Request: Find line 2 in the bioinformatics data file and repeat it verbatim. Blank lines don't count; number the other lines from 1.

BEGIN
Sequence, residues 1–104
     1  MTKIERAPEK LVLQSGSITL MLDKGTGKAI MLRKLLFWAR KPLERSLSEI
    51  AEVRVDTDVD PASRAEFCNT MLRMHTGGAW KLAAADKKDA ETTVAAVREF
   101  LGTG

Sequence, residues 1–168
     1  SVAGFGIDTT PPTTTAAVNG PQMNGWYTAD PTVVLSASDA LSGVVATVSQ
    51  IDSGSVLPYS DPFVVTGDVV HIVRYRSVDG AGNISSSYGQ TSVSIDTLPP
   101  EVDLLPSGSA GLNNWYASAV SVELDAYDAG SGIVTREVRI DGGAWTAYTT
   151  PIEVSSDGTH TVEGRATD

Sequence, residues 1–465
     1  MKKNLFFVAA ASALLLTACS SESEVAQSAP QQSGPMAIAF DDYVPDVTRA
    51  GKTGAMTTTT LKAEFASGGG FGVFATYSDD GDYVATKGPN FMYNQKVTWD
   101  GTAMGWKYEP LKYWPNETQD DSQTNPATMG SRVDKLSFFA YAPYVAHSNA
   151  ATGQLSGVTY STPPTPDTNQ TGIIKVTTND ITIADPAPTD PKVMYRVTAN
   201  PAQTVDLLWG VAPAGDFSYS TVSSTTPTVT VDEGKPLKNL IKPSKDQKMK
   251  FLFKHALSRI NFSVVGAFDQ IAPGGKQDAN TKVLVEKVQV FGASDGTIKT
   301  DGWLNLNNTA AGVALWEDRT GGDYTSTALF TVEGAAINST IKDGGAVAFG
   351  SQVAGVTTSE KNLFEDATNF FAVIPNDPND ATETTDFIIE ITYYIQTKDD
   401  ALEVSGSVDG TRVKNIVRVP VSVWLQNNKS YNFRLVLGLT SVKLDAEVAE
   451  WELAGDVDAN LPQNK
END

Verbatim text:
     1  MTKIERAPEK LVLQSGSITL MLDKGTGKAI MLRKLLFWAR KPLERSLSEI